ATLANTA - Dr. Anthony Fauci, one of President Trump's top coronavirus advisors, told an Emory University roundtable Thursday there are checks and balances in place to make sure the coronavirus vaccine is being thoroughly vetted before it is approved.
There are 4 candidate vaccines in phase III clinical trials in the US, and a fifth company is planning to begin a large-scale study of its vaccine in October.
Dr. Fauci told the panel each vaccine trial is tracked by an independent data and safety monitoring board made up of experts, he says, who are beholden to no one.
"So, if all of a sudden I woke up tomorrow and said, 'Gee, I'm curious. Let me look at the data..." Nah, I can't do that,” Fauci says.
He described the race for a vaccine as a carefully-engineered process of protocols designed to ensure the vaccine is safe and effective before it is approved.
"If it works the way it works, the way it should work, we should be able to say with confidence that this is a safe and effective vaccine," Dr. Fauci says. "I don't think many people appreciate how many fail safes there are in that process."
Once the large-scale clinical trials are complete, Emory's Dr. Carlos del Rio says, there will be a phase IV study that will continue to monitor millions of vaccine recipients for negative side effects.
"You keep looking at safety over time, because there are many side effects that may only happen after a million doses, after 10 million doses," Dr. del Rio says. "So, in fact, looking at safety never really ends when you have a biological like a vaccine."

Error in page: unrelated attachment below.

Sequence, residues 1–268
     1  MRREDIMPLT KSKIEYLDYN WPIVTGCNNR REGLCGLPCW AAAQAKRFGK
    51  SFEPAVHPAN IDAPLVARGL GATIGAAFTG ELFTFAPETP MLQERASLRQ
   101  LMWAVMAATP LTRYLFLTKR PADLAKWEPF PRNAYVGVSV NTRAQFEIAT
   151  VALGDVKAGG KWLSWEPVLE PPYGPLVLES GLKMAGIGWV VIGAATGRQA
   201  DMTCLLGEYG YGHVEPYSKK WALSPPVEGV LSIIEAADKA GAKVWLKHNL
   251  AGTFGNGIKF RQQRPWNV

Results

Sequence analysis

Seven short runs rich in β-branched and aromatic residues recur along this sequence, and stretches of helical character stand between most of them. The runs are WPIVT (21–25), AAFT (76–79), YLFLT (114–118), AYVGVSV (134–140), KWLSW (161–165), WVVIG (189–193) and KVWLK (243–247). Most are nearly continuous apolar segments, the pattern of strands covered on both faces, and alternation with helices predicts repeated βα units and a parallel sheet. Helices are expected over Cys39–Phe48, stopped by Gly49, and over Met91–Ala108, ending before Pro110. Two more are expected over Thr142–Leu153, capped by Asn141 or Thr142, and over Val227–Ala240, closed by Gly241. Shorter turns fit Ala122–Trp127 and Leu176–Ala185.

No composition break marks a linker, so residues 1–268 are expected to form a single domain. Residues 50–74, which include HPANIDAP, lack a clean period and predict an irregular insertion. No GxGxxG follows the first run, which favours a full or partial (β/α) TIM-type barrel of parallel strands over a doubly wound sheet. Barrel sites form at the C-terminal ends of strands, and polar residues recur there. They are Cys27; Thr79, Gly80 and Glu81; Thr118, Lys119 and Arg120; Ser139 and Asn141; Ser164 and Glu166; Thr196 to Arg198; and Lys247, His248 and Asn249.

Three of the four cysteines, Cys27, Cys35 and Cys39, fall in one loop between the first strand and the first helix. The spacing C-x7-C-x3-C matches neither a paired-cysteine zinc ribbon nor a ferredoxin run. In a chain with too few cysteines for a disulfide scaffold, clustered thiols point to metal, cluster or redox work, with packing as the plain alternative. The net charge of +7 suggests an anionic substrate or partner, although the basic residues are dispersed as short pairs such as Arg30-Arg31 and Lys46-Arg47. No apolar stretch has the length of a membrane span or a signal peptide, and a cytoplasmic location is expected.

Most Americans will need two injections of the vaccine, given about a month apart.
Earlier this week, Fauci told Congressional lawmakers the first 50 million doses of the vaccine could be ready as soon as November.
CDC Director Dr. Robert Redfield testified it may be late spring or summer before the vaccine is widely available.
President Trump has hinted a vaccine could be approved by November 3, 2020, Election Day.
But, Fauci says. if the FDA doesn't have full confidence in a vaccine, he will back the agency.
"I would rely very heavily on the decades of experience of the FDA scientists, who say we should do this. Therefore, I would have to lean heavily on their side and support them. So, if they come out and say, 'This is the way we should do it,' I've got your back on that."